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We have a database which stores the temperatures of 20 thermometer every 7 seconds. We want to delete all records in the way that every minute holds just one tempereature instead of 8 which are older than 3 months. I was planning to do it as follows as discussed in that question here:

  1. Select the (relatively few) surviving rows into a temporary table.
  2. Truncate the table.
  3. Re-insert the survivors.

But all devices are working without interruption and inserting values into the DB so I can not Truncate and rename the temp_tables since the system should be on all the time. Or can I? If not, do I have to do it by DELETE VACUUM?

By the way we delete all unnecessary records which are older than 3 months just once, afterwards we have to repeat this process every month for the 4.th month previous (I hope that part was clear). If we repeat this process at the beginning of 05.2013, we have to delete the unnecessary records of the month 01.2013. How can I automatize this process? Should I better write a .bat file for scheduled task or is there any better approaches?

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2 Answers 2

up vote 2 down vote accepted

You seem to be misinterpreting a part of my advice to your previous question:

so I can not Truncate and rename the temp_tables since the system should be on all the time.

There was no renaming involved. After TRUNCATE you run an INSERT. The only blocking operation is the TRUNCATE. I quote the manual:

TRUNCATE acquires an ACCESS EXCLUSIVE lock on each table it operates on, which blocks all other concurrent operations on the table. (...) If concurrent access to a table is required, then the DELETE command should be used instead.

INSERT may still work, if it is not time-critical and allowed to wait until the lock is released. TRUNCATE is usually very fast, if you run it in a separate transaction, it should only block for a couple of milliseconds. Note: separate transaction, not separate session! Your temporary table lives and dies with the session.

The drawback of a separate transaction: if you lose your session before you are able to re-insert from the temporary table, you loose data. To be sure, you could use a plain table instead. (Which would offer the alternative path to drop the old and rename the new table.)

Either way, your updated question makes clear that you want to run this repeatedly, accumulating old rows in the same table. In this case, TRUNCATE is not a good option anyway. You can always just use a plain DELETE. Considerably slower with big tables, but concurrent INSERT is not blocked at all. The autovacuuming daemon will have to do some more work, too.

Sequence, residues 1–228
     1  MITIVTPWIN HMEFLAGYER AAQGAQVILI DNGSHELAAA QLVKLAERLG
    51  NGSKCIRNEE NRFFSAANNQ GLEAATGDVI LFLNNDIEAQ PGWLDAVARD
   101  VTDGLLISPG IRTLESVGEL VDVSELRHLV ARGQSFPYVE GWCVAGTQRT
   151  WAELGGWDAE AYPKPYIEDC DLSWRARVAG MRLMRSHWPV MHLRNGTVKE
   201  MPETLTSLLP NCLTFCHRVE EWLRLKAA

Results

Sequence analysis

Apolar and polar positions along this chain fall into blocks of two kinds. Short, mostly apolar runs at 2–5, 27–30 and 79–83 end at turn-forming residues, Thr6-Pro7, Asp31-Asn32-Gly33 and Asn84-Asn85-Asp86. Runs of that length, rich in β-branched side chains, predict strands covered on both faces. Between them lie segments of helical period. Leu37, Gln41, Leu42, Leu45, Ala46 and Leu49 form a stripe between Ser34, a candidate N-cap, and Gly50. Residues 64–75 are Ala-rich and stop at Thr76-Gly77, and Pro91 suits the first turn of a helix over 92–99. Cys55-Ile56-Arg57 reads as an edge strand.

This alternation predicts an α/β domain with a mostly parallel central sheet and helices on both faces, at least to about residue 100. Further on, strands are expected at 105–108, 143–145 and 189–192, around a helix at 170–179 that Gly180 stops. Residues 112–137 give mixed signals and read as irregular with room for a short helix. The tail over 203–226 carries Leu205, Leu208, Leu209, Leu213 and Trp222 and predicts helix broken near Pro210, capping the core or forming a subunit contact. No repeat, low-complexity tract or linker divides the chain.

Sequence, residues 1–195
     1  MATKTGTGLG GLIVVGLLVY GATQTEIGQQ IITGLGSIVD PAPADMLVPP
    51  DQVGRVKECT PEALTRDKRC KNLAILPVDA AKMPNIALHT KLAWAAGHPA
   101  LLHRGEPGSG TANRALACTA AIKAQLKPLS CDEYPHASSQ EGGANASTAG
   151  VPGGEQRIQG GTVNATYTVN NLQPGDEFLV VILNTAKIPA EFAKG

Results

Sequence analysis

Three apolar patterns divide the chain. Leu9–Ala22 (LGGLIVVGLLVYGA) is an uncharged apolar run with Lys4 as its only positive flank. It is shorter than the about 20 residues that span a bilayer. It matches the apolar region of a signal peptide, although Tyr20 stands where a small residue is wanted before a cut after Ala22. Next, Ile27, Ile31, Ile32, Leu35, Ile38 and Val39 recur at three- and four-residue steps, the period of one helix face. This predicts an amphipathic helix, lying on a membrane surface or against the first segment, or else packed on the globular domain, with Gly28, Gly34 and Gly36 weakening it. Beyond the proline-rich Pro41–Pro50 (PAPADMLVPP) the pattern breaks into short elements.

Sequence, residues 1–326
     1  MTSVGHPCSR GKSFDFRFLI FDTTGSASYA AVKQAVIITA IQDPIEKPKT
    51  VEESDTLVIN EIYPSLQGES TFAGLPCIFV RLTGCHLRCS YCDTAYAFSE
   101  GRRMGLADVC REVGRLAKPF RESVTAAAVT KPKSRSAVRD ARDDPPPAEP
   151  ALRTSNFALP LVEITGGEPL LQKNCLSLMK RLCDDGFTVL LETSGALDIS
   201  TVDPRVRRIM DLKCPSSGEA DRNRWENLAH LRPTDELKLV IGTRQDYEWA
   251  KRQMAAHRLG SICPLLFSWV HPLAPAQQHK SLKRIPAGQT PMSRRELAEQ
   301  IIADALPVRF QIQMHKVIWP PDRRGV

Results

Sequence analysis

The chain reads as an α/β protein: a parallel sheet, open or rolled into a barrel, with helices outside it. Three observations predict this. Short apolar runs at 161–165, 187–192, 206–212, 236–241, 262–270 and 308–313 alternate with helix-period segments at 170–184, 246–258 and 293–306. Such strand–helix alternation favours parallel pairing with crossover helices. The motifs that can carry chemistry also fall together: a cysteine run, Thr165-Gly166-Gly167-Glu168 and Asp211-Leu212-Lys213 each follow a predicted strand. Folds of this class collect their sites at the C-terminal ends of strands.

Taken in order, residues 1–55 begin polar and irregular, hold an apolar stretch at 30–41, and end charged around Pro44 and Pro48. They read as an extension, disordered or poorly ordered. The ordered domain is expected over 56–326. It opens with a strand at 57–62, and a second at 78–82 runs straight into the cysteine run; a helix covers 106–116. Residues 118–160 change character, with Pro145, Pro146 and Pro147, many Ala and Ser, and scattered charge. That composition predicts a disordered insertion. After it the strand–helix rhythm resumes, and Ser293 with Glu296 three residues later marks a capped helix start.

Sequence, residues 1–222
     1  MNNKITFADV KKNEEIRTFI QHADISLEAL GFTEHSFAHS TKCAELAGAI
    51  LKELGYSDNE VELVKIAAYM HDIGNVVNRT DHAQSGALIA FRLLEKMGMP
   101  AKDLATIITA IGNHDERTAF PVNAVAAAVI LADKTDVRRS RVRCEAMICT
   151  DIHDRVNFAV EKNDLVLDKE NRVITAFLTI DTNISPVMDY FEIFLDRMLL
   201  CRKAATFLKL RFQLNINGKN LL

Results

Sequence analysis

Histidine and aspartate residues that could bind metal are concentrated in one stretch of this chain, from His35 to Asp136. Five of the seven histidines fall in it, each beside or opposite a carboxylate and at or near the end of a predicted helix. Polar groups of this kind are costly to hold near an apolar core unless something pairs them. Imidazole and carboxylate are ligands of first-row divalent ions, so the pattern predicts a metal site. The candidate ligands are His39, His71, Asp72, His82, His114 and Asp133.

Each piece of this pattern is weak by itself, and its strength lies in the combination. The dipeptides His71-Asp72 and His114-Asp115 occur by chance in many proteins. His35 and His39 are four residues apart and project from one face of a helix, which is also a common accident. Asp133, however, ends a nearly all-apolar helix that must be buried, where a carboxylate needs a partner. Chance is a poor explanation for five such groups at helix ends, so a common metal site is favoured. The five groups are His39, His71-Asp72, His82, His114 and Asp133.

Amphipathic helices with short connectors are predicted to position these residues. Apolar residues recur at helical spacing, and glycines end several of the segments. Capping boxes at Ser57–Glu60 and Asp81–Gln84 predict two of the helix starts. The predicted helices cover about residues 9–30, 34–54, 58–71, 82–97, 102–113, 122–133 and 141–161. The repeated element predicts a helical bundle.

It's mostly a trade-off between speed and security.

SQL

The DELETE command for the slow and sure method could look like this:

DELETE FROM TABLE tbl t
USING (
   SELECT created_at FROM tbl WHERE created_at < now() - (interval '3 month')
   ) d
LEFT   JOIN (
   SELECT min(created_at) AS created_at
   FROM   tbl
   GROUP  BY date_trunc('minute', created_at)
   WHERE  created_at < now() - (interval '3 month')
   ) x USING (created_at)
WHERE  x.created_at IS NULL
AND    d.created_at = t.created_at;
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1  
You have answered all my open questions as if you were reading my mind thanks = ) –  mctuna May 21 '13 at 19:21

I can suggest you another approach/solution. You can partition the table and delete partition older than 3 months just dropping them. This is fast and does not impact other inserts. However seems that you need to keep at least one value; can you calculate values to be kept and insert them in another table?

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yes I can do that actually, do you mean, I split each table into 2 partition as older than 3months and last 3months, select the values to be kept, insert into temp_table, delete the partition older than 3months and insert the survival values again into the table? –  mctuna May 21 '13 at 11:36
    
@mctuna No. I mean to redef the current table into a partition table by month (this cannot be done online sorry). Then for old data, summarise them and move to another table and drop the old month partition. This speed up any DML on the table. I do not think you can insert the sum'ed values into the same table unless you are able to keep the same data structure. Partition strategy is the definite solution to bulk DML. Sorry that postgre does not support online redef like dbms_redefinition in oracle. –  Ste May 21 '13 at 15:44

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